The 15 water-cooling towers that were found to be contaminated this week amid a new cluster of Legionnaires’ disease cases had been disinfected less than two months ago, New York City officials said on Thursday, raising questions about how successful the city can be in containing the disease.
After an outbreak of the disease killed 12 people in July and August in the South Bronx, the city required every building with cooling towers, a common source of the Legionella bacteria that cause the disease, to be cleaned within two weeks.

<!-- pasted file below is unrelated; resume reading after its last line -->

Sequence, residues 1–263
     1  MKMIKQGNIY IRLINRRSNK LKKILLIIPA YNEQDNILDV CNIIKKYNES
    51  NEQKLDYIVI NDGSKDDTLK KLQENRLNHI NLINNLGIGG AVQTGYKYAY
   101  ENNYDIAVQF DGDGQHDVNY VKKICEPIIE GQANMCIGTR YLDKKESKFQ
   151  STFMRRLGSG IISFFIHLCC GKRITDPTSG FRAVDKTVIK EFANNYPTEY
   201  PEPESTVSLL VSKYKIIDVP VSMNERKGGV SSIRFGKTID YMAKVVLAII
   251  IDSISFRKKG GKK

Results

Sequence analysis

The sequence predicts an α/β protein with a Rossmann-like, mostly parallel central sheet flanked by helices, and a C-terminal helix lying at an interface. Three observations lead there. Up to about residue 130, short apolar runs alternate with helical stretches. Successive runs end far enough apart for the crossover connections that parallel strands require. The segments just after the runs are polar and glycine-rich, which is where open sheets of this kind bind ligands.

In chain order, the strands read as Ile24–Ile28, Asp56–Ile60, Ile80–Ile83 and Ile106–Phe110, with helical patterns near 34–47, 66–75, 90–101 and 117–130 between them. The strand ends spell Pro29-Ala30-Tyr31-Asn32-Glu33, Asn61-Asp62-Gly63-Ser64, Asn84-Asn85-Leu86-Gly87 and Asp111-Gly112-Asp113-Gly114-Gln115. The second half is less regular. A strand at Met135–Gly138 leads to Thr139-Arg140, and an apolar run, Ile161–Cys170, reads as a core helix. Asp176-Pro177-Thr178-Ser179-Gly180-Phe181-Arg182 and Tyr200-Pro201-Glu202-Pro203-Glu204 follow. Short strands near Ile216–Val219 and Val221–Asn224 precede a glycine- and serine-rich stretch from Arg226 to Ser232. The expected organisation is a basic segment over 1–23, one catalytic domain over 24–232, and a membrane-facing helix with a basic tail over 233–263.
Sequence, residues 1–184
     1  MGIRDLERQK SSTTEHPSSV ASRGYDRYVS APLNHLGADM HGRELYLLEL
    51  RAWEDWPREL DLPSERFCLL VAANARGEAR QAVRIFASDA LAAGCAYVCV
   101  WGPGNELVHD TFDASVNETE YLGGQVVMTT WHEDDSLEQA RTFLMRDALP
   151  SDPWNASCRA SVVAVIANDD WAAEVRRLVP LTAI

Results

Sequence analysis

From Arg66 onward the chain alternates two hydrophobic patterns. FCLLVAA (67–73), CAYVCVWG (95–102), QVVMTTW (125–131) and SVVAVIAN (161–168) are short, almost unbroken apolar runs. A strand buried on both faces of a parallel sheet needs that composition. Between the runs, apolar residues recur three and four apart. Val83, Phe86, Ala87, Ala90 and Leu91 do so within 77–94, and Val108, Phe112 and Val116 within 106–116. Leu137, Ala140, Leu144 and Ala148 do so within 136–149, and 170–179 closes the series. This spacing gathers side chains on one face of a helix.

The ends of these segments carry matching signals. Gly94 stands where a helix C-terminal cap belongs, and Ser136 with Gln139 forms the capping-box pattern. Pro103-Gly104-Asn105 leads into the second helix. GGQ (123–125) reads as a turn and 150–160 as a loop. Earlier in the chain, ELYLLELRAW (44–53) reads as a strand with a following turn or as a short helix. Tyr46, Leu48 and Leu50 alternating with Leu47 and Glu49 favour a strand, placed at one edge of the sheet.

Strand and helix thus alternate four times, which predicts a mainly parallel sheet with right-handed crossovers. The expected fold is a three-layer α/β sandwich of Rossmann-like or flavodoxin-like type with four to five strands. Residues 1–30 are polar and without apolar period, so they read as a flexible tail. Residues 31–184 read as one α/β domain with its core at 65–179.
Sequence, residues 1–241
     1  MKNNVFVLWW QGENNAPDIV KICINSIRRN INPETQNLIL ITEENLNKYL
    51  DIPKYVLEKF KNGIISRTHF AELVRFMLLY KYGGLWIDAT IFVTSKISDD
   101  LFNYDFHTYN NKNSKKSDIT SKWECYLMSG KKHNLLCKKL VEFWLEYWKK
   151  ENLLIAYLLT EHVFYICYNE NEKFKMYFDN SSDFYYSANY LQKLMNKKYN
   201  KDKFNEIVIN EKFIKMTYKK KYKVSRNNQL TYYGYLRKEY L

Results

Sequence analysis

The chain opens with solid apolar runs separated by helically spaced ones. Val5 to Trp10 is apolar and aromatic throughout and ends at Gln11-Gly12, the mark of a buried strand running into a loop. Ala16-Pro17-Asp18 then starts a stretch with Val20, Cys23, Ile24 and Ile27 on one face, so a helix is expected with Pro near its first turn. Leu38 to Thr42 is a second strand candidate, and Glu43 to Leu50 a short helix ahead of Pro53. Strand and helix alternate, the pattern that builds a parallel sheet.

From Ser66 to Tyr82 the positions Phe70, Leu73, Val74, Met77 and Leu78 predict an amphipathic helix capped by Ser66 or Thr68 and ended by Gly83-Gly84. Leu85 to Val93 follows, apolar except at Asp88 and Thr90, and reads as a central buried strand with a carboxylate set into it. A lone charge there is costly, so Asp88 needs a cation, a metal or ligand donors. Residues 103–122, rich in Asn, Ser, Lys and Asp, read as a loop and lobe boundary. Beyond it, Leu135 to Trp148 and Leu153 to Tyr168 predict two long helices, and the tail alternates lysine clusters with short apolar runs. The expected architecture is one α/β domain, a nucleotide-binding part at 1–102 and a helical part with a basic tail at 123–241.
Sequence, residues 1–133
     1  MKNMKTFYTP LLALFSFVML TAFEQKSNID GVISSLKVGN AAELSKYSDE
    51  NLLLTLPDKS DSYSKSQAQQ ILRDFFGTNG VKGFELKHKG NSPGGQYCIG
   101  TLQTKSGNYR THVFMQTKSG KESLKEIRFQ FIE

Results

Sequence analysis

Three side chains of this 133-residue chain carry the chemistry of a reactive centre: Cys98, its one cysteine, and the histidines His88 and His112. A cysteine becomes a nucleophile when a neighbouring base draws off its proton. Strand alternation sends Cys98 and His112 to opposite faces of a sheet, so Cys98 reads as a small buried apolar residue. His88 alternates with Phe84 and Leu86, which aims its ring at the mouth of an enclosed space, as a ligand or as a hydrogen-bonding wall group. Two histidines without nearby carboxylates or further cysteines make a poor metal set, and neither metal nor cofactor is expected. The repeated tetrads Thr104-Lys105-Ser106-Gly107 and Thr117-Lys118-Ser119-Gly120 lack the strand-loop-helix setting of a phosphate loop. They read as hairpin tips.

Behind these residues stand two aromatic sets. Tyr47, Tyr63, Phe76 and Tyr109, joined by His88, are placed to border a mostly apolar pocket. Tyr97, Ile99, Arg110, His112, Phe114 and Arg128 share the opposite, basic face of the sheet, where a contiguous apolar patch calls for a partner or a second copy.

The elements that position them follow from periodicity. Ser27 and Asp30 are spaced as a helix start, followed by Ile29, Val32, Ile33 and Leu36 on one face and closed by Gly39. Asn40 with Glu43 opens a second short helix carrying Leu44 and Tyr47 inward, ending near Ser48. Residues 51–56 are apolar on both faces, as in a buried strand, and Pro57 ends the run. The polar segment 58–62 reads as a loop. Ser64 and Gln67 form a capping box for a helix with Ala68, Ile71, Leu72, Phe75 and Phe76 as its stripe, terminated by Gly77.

Despite that order, as well as new legislation mandating quarterly inspections of cooling towers, the city found this week that bacteria had regrown in at least 15 towers that had been cleaned recently in the Morris Park section of the Bronx. The testing occurred after a fresh outbreak in that area that has killed one person and sickened at least 12, and spurred an order from health officials for the towers to be disinfected again.
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